Senate Judiciary Committee Advances Legislation to Clarify Qualifications for District Attorneys and the Attorney General of Pennsylvania

(HARRISBURG) – The Senate Judiciary Committee, today, advanced two pieces of legislation to bring greater transparency, clarity and stability to the offices of District Attorneys and office of Attorney General, according to chairwoman Senator Lisa Baker (R-20).

Senate Bill 420, sponsored by Senator Gene Yaw (R-23), amends Sections 1401 and 1404 of the County Code to require that district attorneys in counties of the first through eighth classes have an active license to practice law.  The bill provides that if a District Attorney is disbarred, they are no longer qualified to be DA, and the office of the DA will be vacant.  If a DA is suspended from the practice of law, the bill provides that the DA is also suspended from the office of District Attorney until the earlier to occur of the next election or the date that the suspension is lifted. SB 420 is supported by the District Attorneys Association, and was unanimously passed by the committee, as amended.

“Currently, there is no clear requirement that a person elected to the office of District Attorney possess an active license to practice law at the time of entering office, which SB  420 will require,” Senator Yaw said.  “My bill would also establish safeguards so that the office of District Attorney would continue to operate uninterrupted in the event of a suspension of the law license or disbarment from the practice of law of a sitting District Attorney.  It would provide needed uniformity and efficiency to current law and for those who discharge the duties of the office.  It will assure the citizens that the integrity expected in the office of District Attorney is maintained.”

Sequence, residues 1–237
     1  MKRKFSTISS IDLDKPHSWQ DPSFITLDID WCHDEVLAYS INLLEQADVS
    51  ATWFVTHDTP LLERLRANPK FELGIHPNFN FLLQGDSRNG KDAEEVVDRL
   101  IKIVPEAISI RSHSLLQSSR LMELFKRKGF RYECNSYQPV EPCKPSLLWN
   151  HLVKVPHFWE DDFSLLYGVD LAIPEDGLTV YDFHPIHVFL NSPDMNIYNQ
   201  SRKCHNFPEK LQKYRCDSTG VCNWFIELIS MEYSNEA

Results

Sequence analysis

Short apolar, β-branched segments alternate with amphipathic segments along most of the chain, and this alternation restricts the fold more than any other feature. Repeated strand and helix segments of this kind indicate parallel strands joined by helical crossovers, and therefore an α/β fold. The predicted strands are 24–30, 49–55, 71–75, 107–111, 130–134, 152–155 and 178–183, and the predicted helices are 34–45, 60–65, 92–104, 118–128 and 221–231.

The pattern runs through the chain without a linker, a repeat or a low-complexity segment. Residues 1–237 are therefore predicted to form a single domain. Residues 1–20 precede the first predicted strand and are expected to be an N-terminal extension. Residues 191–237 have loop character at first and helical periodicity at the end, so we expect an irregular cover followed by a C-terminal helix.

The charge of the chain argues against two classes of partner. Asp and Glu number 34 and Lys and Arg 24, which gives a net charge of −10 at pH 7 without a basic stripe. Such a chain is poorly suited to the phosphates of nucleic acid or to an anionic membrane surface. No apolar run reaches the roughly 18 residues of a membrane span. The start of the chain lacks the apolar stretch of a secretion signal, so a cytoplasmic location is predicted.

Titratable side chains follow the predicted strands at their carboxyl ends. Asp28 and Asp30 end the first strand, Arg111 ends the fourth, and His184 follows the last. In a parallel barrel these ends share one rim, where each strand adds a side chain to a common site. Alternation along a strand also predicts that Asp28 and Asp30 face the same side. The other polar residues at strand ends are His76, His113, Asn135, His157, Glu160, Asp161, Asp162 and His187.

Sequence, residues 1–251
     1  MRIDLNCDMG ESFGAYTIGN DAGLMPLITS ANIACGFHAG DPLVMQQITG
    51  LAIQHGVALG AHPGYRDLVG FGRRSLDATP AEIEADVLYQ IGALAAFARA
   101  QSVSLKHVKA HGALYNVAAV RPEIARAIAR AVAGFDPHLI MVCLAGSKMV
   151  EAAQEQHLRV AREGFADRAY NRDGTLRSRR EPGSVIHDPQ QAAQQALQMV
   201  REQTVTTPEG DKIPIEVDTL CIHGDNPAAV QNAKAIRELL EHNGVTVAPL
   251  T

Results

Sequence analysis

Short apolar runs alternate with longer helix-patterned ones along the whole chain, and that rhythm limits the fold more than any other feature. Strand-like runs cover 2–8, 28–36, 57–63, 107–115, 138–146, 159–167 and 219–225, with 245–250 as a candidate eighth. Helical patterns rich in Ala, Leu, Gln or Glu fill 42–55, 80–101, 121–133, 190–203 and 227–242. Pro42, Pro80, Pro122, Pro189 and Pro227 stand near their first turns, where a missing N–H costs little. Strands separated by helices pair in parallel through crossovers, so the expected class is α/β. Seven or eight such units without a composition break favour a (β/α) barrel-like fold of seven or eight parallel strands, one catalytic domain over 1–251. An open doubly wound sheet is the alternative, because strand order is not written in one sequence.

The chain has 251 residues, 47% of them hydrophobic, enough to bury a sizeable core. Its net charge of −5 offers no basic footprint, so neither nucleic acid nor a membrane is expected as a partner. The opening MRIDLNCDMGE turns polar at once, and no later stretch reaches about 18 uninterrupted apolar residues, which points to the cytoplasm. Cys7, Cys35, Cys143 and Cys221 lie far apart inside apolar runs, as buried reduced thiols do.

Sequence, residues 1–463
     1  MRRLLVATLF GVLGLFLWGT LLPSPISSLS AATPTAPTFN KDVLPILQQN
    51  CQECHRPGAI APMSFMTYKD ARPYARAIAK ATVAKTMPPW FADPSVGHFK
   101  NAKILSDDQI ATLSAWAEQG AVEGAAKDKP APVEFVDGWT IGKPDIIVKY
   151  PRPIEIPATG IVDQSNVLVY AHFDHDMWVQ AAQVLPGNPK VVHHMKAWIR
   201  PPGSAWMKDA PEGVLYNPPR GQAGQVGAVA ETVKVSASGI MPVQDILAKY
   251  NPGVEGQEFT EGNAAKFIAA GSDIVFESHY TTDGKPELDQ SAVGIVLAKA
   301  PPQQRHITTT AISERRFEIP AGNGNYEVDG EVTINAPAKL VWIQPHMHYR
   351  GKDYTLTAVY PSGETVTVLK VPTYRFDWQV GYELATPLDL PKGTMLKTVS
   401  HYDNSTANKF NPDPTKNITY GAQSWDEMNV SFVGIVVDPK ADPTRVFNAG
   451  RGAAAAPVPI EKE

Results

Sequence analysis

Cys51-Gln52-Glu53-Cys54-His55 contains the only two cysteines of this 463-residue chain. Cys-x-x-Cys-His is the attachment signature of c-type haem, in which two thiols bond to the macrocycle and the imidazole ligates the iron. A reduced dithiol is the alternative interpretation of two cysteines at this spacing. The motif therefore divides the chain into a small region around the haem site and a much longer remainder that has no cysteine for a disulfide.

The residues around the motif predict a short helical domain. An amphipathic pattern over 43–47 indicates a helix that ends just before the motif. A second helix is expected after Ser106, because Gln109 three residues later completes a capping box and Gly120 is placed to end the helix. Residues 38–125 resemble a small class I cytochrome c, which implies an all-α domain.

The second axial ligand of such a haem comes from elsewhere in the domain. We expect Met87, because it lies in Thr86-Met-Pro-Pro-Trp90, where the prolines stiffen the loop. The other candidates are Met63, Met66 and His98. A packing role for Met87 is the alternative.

Senate Bill 457, sponsored by Senator Baker, is a constitutional amendment that clarifies the qualifications needed for an individual to hold the office of Attorney General of Pennsylvania. The amendment would make clear that if an Attorney General is disbarred, that individual is no longer qualified for the position, and the office would be declared vacant.  Additionally, if an Attorney General’s license to practice law is suspended, he or she would likewise be suspended from the office of Attorney General, unless and until the license is reinstated.  In this instance, the First Deputy Attorney General would assume the role of Acting Attorney General.  If the First Deputy is unable, unqualified, or unwilling to perform the duties of the Attorney General, the Director of the Criminal Law Division would execute these responsibilities.  As a constitutional amendment, this legislation needs to be passed by the General Assembly in two consecutive sessions and then presented to voters on the ballot. SB 457, as amended, was unanimously passed by the committee.

“Providing transparency and stability when it comes to the office of Attorney General is crucial to guaranteeing confidence in our legal system,” Senator Baker said.  “I am pleased to work with my colleagues to advance this important legislation that will help to ensure the most qualified individuals are protecting and serving within our justice system.”

            SB 420 and SB 457 now advance to the full Senate for consideration.


Media Contact: Kate Flessner

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